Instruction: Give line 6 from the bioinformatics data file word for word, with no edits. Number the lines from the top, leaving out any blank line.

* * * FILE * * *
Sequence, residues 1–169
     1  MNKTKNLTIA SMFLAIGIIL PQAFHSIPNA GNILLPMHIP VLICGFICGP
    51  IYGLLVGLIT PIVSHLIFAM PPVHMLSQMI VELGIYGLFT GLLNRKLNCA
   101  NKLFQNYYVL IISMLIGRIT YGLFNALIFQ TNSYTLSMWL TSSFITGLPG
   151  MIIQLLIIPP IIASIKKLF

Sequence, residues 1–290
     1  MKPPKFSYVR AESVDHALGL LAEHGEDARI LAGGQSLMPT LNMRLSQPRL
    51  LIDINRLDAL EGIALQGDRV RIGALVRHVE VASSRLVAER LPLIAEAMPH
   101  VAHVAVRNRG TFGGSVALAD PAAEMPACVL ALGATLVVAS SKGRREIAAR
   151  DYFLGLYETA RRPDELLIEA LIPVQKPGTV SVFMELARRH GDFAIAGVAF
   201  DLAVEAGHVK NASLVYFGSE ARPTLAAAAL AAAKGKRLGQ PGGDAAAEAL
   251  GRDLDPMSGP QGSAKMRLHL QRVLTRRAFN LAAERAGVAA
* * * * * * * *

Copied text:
Sequence, residues 1–290